Since the outbreak of the Arab uprisings in late-December 2010, I have been reading and witnessing the women of the Arab Middle East using their voices to be heard, to be seen, to be respected, to be empowered, and to be a meaningful party in the decision making of their future and that of their respective societies.

Portraying women as a formidable contingent of the uprisings, the world’s media outlets continue to cover women’s struggles in the Middle East. Many of the stories written are the same. Descriptions of women – accompanied by photographs – taking to the streets, commingled with men or separated into women-only groups of protestors, veiled and un-veiled. With their appearance, talk of secular versus religious groups and the jockeying for power over the state, its legislature, and, most importantly, its Constitution fill the lines of copy on the women of the Middle East in the “Arab Spring.” Suddenly, the global news-consuming audience is an expert on the buzzwords and terms like Salafis, Islamists, Muslim Brotherhood, and Shari ‘a –words that entered into the Western world’s vocabulary following the events of the morning of September 11, 2001. Words that have become more and more familiar, over the years of military and humanitarian involvement in Iraq and Afghanistan.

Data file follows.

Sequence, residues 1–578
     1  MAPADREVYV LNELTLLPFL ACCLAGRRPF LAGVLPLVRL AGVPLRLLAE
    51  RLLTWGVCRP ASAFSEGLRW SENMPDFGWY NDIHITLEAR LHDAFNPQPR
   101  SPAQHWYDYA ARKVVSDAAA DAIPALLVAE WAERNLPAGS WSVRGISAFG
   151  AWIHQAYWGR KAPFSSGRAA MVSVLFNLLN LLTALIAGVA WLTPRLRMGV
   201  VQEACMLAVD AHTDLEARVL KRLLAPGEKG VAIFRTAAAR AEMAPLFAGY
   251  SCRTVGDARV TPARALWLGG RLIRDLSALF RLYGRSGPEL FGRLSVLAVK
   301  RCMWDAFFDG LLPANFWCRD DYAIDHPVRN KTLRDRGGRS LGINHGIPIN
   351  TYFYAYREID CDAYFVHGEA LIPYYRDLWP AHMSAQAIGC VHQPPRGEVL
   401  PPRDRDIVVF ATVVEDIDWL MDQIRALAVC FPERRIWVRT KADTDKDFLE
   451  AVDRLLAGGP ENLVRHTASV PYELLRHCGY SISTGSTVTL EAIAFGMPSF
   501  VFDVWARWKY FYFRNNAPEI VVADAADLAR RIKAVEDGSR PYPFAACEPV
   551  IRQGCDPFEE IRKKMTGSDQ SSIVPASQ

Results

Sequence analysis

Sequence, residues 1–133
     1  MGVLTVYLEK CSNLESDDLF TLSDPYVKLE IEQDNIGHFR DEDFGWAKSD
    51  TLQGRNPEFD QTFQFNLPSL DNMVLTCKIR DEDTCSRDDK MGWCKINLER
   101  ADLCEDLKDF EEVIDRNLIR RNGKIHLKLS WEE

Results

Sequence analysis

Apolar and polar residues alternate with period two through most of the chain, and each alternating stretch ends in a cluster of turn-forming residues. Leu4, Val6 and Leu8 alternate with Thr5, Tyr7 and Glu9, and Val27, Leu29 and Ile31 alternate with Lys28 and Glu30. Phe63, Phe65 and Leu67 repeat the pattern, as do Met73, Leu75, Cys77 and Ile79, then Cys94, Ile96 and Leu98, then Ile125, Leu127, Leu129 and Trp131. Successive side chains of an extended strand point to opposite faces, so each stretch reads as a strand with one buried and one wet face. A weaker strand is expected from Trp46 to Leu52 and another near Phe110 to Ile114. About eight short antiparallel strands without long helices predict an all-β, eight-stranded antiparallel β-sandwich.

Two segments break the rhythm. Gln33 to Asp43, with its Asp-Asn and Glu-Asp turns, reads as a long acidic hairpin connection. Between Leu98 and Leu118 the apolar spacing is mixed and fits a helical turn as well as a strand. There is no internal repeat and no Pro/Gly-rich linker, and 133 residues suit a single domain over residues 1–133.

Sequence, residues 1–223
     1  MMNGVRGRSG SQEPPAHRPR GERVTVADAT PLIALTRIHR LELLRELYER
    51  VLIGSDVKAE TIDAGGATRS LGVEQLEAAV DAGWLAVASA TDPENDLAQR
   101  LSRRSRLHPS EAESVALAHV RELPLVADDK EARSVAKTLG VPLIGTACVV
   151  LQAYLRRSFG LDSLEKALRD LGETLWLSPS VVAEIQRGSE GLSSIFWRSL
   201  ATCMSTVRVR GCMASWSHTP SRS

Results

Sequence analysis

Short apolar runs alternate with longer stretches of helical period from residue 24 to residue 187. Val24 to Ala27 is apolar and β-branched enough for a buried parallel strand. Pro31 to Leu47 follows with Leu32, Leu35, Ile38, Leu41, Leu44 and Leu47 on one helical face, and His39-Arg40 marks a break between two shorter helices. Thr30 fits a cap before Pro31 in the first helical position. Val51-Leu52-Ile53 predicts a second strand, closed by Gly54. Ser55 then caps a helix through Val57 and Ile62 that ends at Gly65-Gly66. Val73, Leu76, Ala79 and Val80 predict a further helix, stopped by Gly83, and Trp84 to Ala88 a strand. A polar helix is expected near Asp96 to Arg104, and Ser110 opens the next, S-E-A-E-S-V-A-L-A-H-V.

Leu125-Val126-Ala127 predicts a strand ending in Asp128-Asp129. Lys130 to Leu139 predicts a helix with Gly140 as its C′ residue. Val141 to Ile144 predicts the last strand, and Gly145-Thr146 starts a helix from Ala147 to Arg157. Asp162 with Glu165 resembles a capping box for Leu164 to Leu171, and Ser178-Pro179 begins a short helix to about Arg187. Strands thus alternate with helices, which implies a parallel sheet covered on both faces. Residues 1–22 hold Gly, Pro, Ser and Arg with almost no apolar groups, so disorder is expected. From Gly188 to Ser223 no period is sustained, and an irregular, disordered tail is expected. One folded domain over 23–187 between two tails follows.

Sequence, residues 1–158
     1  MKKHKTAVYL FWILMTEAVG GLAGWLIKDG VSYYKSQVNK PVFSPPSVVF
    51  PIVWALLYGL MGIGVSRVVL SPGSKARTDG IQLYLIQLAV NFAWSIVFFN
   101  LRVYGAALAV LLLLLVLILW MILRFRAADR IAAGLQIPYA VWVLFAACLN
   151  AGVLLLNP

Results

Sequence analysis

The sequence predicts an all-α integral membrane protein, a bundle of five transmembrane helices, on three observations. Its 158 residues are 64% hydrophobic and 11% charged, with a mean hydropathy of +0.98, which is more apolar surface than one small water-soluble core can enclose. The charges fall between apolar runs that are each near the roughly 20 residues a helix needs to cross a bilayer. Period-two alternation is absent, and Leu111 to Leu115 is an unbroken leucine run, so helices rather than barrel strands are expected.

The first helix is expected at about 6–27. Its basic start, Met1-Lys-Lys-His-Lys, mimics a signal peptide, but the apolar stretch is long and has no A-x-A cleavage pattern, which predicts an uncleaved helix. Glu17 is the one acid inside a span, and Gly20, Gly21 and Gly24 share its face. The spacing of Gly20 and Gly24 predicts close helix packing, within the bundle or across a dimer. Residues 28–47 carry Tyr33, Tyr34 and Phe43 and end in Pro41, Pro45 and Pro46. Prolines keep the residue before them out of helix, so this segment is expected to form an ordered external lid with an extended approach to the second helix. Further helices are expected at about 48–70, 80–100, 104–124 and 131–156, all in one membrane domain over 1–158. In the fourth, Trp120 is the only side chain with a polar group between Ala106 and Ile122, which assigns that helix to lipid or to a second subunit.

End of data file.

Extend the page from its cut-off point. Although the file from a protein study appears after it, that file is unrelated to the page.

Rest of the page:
In the discussion of women and the uprisings, these words are tied into the future of women in the Middle East. Consequently, global decision makers and their entourages of analysts and aides are scrambling to interpret how women have and will include themselves in the discourse on the establishment of democracy, civil society, and global politics.

For those who look deeper into the stories, discoveries of decades-long women’s movements in Egypt, Tunisia, Morocco, Jordan, Bahrain, and even Yemen have come to the fore. Women in this region of the world have been struggling for decades for their rights to custody of their children after divorce, to work in public places, to vote, to pass on their citizenship to offspring, to utilize the education that so many now possess. Indeed, years of rule under Western-backed dictatorships proved to be a mixed blessing for the women of the Middle East.